A last remark on scanners’ capacities to be faithful to the original. Colour expert Charles Poynton (1997, p. 7) states: “Scanners are most often used to scan images such as color photographs and color offset prints that are already “records” of three components of color information. The usual task of a scanner is not spectral analysis but extraction of the values of the three components that have already been recorded.” Printers work with a specific colour profile where each nuance is defined by its coordinates. If Poynton’s statement on scanners is correct, this device is strong on reproducing values that match the generally used colour profiles; if a slide’s colours “[…] are not already a record of three components, chances are your scanner will not report very accurate RGB values.” This confirms the observation that scanners have difficulties with colours “out of gamut”. On the other hand, as the graphics on a toy lantern slide were printed before their transfer onto the glass plate (the process was called decalcomania, the printing technique is chromo-lithography) (http://www.magiclanternsociety.org/about-magic-lanterns/lantern-slides/) their range of colours is limited and presumably there is little chance that colours are not covered by the colour profile of the scanner.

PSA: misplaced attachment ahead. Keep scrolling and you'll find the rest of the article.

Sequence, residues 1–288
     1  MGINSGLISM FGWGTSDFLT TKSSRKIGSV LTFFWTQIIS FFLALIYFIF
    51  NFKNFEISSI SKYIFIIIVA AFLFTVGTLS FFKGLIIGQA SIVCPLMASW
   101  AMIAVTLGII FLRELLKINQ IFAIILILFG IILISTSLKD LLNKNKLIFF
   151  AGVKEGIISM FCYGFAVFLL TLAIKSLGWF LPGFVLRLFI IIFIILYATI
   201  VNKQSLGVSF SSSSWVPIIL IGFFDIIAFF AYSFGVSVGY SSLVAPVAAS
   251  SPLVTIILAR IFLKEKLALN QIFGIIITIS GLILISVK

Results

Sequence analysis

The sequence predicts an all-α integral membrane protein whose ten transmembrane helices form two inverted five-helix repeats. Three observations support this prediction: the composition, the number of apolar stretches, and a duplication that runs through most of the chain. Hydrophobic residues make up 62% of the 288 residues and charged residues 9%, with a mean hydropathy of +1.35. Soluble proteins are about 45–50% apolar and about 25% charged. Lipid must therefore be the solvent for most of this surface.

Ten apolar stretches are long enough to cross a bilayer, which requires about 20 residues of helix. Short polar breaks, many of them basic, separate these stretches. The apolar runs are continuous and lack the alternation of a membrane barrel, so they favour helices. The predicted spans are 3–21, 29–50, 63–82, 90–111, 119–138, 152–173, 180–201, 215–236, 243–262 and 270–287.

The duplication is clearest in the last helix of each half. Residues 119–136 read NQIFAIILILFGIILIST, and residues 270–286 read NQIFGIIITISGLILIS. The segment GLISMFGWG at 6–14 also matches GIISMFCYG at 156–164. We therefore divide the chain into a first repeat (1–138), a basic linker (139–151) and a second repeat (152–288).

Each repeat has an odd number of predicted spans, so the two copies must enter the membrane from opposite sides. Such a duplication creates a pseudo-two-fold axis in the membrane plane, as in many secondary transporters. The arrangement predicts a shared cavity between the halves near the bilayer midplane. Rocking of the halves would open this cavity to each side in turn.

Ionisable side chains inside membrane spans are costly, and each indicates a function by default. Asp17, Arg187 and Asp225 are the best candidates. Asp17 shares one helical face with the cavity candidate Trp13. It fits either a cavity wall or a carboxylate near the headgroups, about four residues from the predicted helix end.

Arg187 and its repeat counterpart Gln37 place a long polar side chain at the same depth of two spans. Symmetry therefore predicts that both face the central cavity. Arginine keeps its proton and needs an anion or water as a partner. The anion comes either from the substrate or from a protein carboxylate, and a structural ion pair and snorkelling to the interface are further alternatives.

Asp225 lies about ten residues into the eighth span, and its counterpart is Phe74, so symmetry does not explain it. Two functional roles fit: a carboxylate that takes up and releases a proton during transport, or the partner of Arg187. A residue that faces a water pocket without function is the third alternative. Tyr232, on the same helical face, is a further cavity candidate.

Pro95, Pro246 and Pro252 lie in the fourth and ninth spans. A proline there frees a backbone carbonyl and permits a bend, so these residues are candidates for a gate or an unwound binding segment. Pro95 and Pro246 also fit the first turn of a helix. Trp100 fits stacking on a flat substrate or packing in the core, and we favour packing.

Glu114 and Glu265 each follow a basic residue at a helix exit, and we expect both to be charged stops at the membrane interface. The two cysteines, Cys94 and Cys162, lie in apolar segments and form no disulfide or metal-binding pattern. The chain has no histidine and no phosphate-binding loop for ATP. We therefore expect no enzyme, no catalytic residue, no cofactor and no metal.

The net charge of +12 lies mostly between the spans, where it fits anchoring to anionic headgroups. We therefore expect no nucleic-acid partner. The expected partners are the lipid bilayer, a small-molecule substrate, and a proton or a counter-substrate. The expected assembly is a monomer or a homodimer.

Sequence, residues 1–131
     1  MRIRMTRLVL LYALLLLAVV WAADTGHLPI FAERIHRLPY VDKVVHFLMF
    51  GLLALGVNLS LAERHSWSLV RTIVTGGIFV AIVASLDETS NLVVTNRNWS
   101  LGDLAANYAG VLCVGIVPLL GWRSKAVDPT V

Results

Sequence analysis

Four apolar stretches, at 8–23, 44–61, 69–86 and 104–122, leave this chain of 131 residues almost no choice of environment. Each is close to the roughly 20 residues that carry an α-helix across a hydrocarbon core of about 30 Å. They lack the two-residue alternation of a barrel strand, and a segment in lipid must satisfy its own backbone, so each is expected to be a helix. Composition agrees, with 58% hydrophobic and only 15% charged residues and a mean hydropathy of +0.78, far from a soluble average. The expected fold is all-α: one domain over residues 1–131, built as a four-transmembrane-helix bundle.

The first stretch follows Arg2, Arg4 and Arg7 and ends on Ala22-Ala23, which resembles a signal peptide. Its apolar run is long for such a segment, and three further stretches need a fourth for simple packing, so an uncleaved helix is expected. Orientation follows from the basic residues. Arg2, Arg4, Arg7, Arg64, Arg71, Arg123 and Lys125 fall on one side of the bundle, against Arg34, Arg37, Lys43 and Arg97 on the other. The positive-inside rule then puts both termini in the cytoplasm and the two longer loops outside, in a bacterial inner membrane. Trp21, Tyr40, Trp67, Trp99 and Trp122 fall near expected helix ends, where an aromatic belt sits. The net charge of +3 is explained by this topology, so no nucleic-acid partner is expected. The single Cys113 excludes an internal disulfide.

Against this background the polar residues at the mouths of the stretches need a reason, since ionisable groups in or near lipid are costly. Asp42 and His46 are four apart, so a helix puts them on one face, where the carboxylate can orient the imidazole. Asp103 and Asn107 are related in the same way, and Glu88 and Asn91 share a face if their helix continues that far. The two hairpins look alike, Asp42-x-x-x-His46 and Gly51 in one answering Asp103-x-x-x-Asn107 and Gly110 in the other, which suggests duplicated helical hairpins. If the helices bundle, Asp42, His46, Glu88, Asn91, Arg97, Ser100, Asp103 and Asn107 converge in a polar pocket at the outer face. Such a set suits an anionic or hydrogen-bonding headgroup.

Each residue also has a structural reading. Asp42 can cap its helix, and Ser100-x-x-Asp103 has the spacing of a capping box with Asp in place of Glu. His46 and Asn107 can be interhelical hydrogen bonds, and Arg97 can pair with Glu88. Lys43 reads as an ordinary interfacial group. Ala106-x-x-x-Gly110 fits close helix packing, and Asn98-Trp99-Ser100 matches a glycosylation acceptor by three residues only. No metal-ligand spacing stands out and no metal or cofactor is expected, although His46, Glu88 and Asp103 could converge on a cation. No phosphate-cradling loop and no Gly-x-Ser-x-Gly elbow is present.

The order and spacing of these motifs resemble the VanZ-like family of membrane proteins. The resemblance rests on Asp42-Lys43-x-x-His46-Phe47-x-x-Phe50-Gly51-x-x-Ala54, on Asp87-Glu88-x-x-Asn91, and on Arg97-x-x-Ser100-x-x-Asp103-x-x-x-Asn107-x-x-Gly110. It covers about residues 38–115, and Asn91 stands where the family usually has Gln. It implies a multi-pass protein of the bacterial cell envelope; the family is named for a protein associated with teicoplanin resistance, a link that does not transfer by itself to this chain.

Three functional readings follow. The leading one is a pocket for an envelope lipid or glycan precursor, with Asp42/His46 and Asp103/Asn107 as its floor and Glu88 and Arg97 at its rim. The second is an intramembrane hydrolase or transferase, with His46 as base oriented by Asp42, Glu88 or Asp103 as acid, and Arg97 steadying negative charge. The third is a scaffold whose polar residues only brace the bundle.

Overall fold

Due to technical restrictions, it is an illusion to believe in a digital simulation of the slide that has stored all data exactly as on the object scanned. Nevertheless, this should not be an excuse to leave aside all efforts to get the best that can be achieved. One possible way to counterbalance this effect, proposed for film scanning by the DIASTOR team (Flueckiger et.al. 2016, p. 111), could be to combine retrieved historic information on slides and to ask questions such as: what were the components of dyes as well as of glass around 1830 and 1890 (both had specific optical qualities in various periods) and how were they applied? Which company bought dyes from which manufacturer (or dealer), and where did these companies acquire their source material? Which products were sold on the (inter-)national market that could have served for the making of slide series, and who had access to them? etc. Another method could be to measure slides and note with their characteristic wavelengths with the help of X-Ray Fluorescence (like in art restoration). This is already partly done for early film material by Ulrich Ruedel (2017) in Germany. For both approaches it is necessary to retrieve original handbooks and procedure descriptions from the past that indicate methods and tools.